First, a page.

2018 Hardware Thread


  1. Posts : 26,338
    Win11 Pro, Win10 Pro N, Win10 Home, Windows 8.1 Pro, Ubuntu
    Thread Starter
       #641

    HPET-On or off in BIOS & OS


    A very interesting article from anandtech a few days ago( April 25, 2018) regarding HPET on Intel and AMD platroms, and sholud it be turned on in the BIOS, and forced on or not in the OS.
    This leads to four potential configuration implementations:

    1. BIOS enabled, OS default: HPET is in list of potential timers
    2. BIOS enabled, OS forced: HPET is used in all situations
    3. BIOS disabled, OS default: HPET is not available
    4. BIOS disabled, OS forced: HPET is not available
    This is important specially when benchmarking:
    Timers are highly relevant for benchmarking. Most benchmark results are a measure of work performed per unit time, or in a given time. This means that both the numerator and the denominator need to be accurate: the system has to be able to measure what amount of work has been processed, and how long it took to do it in.

    Ideally there is no uncertainty in either of those values, giving an accurate result.
    With the advent of Windows 8, between Intel and Microsoft, the way that the timers were used in the OS were changed. Windows 8 had the mantra that it had to ‘support all devices’, all the way from the high-cost systems down to the embedded platforms. Most of these platforms use what is called an RTC, a ‘real time clock’, to maintain the real-world time – this is typically a hardware circuit found in almost all devices that need to keep track of time and the processing of data.

    However, compared to previous versions of Windows, Microsoft changed the way it uses timers, such that it was compatible with systems that did not have a hardware-based RTC, such as low-cost and embedded devices. The RTC was an extra cost that could be saved if the software was built to do so.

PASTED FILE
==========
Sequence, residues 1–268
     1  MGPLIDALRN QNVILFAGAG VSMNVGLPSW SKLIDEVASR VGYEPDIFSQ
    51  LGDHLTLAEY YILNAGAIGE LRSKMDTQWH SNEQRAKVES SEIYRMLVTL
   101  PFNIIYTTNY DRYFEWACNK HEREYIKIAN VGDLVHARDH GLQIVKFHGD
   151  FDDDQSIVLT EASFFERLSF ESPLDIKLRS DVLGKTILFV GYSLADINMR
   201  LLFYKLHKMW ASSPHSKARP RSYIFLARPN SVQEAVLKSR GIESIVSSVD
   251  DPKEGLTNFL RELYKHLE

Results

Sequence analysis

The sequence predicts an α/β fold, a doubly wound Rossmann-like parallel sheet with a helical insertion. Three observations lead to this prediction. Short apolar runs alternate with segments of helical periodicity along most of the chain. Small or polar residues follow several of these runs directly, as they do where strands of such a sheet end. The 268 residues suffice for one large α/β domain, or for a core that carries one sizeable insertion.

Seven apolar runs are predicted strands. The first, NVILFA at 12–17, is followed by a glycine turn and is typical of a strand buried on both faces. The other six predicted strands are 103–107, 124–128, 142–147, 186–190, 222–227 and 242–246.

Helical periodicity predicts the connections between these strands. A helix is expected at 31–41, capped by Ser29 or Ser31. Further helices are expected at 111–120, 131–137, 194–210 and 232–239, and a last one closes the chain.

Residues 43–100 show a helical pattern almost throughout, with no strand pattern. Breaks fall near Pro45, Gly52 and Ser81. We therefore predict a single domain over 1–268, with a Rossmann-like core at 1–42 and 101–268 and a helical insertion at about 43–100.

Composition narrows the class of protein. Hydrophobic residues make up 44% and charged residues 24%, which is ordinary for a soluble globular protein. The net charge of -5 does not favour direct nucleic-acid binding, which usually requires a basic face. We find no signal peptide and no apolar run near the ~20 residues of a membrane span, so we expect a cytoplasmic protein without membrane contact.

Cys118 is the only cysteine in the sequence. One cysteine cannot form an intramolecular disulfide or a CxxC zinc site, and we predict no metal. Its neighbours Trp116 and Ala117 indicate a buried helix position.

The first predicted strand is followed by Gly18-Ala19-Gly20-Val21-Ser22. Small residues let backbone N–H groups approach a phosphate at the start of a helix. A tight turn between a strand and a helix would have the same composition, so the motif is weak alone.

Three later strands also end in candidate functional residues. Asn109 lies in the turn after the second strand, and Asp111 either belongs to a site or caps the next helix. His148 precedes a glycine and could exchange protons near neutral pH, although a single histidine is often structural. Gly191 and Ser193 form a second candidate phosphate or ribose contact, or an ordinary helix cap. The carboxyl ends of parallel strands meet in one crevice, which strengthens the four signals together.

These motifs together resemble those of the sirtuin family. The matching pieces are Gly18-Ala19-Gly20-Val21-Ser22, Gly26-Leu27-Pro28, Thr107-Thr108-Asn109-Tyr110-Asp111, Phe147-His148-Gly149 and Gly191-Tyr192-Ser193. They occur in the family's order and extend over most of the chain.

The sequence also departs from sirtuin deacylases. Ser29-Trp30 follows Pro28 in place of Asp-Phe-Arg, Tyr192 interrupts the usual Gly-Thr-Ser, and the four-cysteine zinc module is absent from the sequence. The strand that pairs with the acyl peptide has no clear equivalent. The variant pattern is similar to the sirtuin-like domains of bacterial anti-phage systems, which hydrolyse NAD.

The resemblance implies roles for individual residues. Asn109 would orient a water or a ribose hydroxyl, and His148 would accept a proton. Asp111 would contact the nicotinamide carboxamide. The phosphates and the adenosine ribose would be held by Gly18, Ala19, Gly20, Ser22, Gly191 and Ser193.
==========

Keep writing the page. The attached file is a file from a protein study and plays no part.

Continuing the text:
Ultimately, any benchmark software in play has to probe the OS to determine the current time during the benchmark to then at the end give an accurate result. However the concept of time, without an external verifying source, is an arbitrarily defined constant – without external synchronization, there is no guarantee that ‘one second’ on the system equals ‘one second’ in the real world. For the most part, all of us rely on the reporting from the OS and the hardware that this equality is true, and there are a lot of hardware/software engineers ensuring that this is the case.
    You enthusiasts should really take the time and read the article thoroughly through, the title says Ryzen, but it's about Intel too:
    A Timely Discovery: Examining Our AMD 2nd Gen Ryzen Results

    I have already made posts in the forums a year or two ago regarding HPET(forums search- HPET Cliff S)

    With the 8700K, Windows 10, and Maximus X system I now have, and some timer testing, I find on my system option 1.
    BIOS enabled, OS default: HPET is in list of potential timers works just fine.

    Here is the result I just got while rendering a 4K video to WMV, while Edge browser is open, and listening to Groove.
    The top one is WinTimerTester 1.1, and the bottom one is the timer tester in CPU-Z.
    I just fast clicked start/stop, and all times in the system timers are the same.
    On my MSI board with the 6700K it took a few seconds for the timers to catch up with each other.
    2018 Hardware Thread-image-001.png
    When testing timers, you need to be running a load with various programs running to get good multitasking results.

    Like I said this is only important for competitive benchmarking.
    Plus on a side note, the timers get messed up when your PC resumes from sleep, also affecting benchmark scores.

    I am not an expert on this subject, but have been interested in it for some time now, and have read all I can on the subject(TechNet, Microsoft Docs, tech sites and so on), but might have misunderstood some things, so, "Start your search engines!", if you have questions.
      My Computers


  2. Posts : 19,207
    W11+W11 Developer Insider + Linux
       #642

    Tnx. Cliff. I have already seen some discussions about HPET on Ryzen system and most concluded that HPET plays some role in some games. Unfortunately on my MB only some modded BIOS versions can control it but Windows can. I'm still tuning my system but also waiting for x470 version to show up around here.
      My Computers


  3. Posts : 26,338
    Win11 Pro, Win10 Pro N, Win10 Home, Windows 8.1 Pro, Ubuntu
    Thread Starter
       #643

    CountMike said: